A magistrate has chosen not to jail the 23-year-old who killed six little penguins at Sulphur Creek in 2016.
Joshua Leigh Jeffrey appeared in the Devonport Magistrates Court on Thursday charged with a number of minor drug offences and three serious driving offences.
The drug offences were committed in 2018 and the driving crimes were committed in May 2019, the court heard.
At the time he was subject to a two-month jail term which had been suspended for 12 months by Supreme Court Justice Stephen Estcourt.
Magistrate Duncan Fairley said the driving crimes are “extremely serious”, and that he was driving under the influence of methylamphetamine and amphetamine.
Jeffrey was charged with driving unlicensed while on illicit drugs and evading police in aggravated circumstances.
He is a youthful offender, rehabilitation must be considered a priority.
Magistrate Duncan Fairley
The court heard Jeffrey accelerated away from a police vehicle at high speed and near a school, and the police pursuit was called off.
Shortly after, Jeffrey crashed through a fence and into a ditch, the magistrate said.
“This presented a very real danger to himself, police and members of the public,” Mr Fairley said.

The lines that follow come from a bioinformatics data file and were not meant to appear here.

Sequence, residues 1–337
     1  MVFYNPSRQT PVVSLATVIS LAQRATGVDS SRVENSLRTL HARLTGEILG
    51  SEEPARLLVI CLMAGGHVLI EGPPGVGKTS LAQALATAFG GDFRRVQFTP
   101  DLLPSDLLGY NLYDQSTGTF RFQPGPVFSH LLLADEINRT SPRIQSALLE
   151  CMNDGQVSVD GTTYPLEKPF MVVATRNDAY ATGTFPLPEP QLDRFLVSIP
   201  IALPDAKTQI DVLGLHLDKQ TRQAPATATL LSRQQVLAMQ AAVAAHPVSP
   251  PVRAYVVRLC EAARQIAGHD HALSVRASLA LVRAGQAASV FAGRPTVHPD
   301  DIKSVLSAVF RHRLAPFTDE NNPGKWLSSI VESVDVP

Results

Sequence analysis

He said it was simply a matter of good fortune that no one was injured during the pursuit and subsequent crash.
However, in the 15 months since that crash he had not committed an offence, and Magistrate Duncan Fairley said he had shown “very real signs of rehabilitation”.
Defence lawyer Donna Allen told the court footage from the police officer’s body-worn camera during Jeffrey’s arrest after the crash was “quite distressing”.
“He was in a place where he was taking actions to end his life, is the conclusion I made from watching that footage,” Ms Allen said.
Ms Allen said that in the 15 months since that incident, Jeffrey had taken significant steps to distance himself from negative influences on the North-West Coast.
She said he had moved into accommodation in Hobart, begun undertaking gainful employment for the first time in his life and was supported by the advocacy group Speak Out Tasmania.
Mr Fairley agreed that Jeffrey was making attempts to better himself.
“He is a youthful offender, rehabilitation must be considered a priority,” the magistrate said.
He deferred sentencing for nine months, to May 2021, which he said would be the two year anniversary of the driving offence.
Mr Fairley said that if Jeffrey’s rehabilitation wavered, or if he committed any further crimes in that time, he would be jailed.
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